Designed by John Vassos, famous for his 1939 World’s Fair creations such as a TV made of translucent Lucite plastic and a console that housed a television, radio, and phonograph, this record player is typical of Art Deco design. The case of the record player is aluminum, a popular material during the Great Depression. The front of the player contains two containers, one for fresh needles, and one for used needles. The record needles of this era wore out quickly (and quickly wore out the record grooves, too).   A nice touch is the mirror located on the back of the player, allowing the user to watch their record spin round and round. Notice, too, the file folders located behind the mirror. The limit for a 78 side was about 3 and a-half minutes. The folders were needed so you could store several sides/records for your trek.

Here is a link to a YouTube clip showing the RCA Victor Special in operation. Despite its reputation as portable, weighing over 20 pounds, I imagine this player was difficult to take to picnics, or on a walk. Plus, the aluminum would get pretty scratched at the beach!

John Vassos. Portable Phonograph. c. 1935. The Baltimore Museum of Art: Decorative Arts Acquisitions Endowment established by the Friends of the American Wing, and Charlotte B. Filbert Bequest Fund, BMA 2000.382

John Vassos. Portable Phonograph. c. 1935. The Baltimore Museum of Art: Decorative Arts Acquisitions Endowment established by the Friends of the American Wing, and Charlotte B. Filbert Bequest Fund, BMA 2000.382

BMA Voices is an insider’s exploration of The Baltimore Museum of Art collection through the eyes of its curators, conservators, and registrars. Featuring a new object every day during the BMA’s 100 Day Celebration, the project will highlight some favorite, amusing, unusual, and obscure objects.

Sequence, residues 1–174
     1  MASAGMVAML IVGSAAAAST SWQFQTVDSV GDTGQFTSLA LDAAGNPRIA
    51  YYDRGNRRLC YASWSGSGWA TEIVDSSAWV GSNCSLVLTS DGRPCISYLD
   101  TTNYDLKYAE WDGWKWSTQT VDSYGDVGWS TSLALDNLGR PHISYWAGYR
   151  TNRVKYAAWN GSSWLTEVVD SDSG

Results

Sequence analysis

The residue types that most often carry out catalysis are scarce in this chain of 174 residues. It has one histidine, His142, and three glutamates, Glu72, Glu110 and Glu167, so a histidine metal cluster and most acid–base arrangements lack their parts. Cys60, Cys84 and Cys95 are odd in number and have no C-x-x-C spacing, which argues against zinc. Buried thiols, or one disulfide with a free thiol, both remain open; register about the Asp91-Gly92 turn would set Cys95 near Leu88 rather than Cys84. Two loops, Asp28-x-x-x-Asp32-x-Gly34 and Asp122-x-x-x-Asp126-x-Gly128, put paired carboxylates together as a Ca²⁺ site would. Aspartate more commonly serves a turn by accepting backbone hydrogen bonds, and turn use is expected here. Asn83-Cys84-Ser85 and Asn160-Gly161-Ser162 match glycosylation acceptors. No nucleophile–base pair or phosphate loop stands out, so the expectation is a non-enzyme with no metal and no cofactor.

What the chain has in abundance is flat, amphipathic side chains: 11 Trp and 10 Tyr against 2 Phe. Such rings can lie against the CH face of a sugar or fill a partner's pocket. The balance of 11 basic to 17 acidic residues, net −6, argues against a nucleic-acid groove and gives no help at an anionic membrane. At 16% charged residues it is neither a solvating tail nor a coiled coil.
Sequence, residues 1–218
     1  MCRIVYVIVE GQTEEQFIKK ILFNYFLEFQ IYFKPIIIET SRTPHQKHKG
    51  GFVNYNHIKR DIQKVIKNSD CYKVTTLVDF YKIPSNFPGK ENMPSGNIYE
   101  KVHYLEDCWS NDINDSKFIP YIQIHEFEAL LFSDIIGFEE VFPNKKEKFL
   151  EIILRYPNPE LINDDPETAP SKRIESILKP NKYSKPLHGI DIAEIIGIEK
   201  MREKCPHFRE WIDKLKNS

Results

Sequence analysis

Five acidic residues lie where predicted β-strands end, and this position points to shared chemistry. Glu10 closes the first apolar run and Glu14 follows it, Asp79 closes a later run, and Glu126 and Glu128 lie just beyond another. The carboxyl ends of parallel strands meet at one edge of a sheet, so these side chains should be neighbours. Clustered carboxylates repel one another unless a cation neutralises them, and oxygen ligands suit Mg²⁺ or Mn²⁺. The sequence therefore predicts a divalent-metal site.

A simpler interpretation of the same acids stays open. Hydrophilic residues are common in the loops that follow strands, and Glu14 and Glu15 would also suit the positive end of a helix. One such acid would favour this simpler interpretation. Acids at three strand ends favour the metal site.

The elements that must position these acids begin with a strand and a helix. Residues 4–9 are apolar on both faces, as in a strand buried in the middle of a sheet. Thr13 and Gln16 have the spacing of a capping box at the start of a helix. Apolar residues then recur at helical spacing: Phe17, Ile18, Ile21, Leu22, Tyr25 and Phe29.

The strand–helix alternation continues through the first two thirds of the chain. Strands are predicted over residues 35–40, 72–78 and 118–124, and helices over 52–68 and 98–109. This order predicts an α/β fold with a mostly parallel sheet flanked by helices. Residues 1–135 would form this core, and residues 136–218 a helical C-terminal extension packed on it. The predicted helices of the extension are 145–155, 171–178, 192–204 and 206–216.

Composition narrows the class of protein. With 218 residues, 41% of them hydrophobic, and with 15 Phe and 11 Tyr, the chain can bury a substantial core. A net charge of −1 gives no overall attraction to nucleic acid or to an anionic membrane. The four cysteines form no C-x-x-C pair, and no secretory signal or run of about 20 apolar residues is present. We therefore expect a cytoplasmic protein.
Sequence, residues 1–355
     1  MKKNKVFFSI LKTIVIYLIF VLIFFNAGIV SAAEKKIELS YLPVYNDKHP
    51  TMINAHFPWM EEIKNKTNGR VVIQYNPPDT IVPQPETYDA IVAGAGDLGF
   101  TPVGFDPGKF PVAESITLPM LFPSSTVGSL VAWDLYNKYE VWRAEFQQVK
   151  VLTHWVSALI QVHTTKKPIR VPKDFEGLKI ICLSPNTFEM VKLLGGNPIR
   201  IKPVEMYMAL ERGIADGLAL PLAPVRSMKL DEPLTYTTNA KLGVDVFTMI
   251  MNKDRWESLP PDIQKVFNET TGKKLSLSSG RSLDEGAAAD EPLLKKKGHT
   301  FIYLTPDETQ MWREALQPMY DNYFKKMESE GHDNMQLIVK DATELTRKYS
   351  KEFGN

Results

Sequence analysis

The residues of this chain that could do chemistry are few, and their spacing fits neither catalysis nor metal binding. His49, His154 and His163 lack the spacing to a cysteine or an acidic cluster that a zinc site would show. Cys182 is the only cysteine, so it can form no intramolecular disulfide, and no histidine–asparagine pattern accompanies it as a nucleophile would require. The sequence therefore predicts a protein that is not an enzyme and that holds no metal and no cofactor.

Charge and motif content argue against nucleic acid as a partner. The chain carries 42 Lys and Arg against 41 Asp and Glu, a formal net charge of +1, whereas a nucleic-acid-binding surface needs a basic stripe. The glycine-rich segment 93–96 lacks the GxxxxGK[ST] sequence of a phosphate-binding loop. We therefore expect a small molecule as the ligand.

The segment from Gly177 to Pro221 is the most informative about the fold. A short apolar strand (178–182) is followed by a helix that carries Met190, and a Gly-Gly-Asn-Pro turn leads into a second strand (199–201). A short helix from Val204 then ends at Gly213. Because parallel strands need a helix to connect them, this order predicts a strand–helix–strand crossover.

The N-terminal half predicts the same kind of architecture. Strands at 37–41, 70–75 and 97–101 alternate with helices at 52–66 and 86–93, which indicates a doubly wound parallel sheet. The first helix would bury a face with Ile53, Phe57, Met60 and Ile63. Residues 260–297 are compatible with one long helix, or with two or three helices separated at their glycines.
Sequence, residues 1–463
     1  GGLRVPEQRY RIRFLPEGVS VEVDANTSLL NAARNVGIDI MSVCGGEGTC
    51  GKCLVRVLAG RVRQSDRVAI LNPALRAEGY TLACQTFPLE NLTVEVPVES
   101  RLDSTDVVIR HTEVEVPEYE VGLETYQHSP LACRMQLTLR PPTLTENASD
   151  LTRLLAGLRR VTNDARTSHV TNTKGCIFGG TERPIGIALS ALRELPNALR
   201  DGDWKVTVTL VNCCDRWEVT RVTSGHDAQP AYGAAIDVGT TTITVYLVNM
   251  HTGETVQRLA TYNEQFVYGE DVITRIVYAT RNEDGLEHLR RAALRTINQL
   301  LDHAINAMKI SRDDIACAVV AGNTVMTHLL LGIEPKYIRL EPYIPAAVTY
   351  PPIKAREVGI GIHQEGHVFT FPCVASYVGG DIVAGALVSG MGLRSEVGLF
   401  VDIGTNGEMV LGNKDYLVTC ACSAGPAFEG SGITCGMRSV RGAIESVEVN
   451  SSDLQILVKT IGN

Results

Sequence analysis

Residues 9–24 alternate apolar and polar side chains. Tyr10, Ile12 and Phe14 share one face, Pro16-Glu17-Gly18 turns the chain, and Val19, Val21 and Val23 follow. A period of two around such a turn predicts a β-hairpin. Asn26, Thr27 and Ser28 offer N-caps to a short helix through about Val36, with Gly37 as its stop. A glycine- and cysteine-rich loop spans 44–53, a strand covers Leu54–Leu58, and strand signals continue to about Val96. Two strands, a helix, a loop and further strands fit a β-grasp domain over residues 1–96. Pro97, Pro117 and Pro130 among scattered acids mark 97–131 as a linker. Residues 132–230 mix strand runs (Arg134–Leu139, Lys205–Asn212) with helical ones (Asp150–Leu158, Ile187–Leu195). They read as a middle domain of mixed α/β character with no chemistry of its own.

BMA Voices: May Wilson and the art of reinvention

May Wilson. Head of a Clown. 1953. The Baltimore Museum of Art: Gift of Jeffrey Davison Case and Raymond B. Case, Jr., Baltimore, BMA 1991.63

Rob Morgan, Collections Database Administrator

As the Collections Database Administrator, I have access to tens of thousands of records stored in our database. Every now and then, an object catches my eye due to its uniqueness. The first time I spotted one of May Wilson’s pieces, I knew there was a story behind it. Researching her life proved to be just as interesting as her art.

A native daughter of Baltimore, born in 1905, May Wilson didn’t start painting until 1948 at the age of 43. Married to William Wilson, himself a lawyer and state legislator, the Wilsons lived on a ten-acre farm north of Baltimore. Whilst there, Wilson took correspondence courses in painting. During the early 1950s, she exhibited and sold paintings at taverns such as the infamous Martick’s on West Mulberry Street. Head of a Clown is from this period, painted in 1953 as a Christmas present for a friend’s son.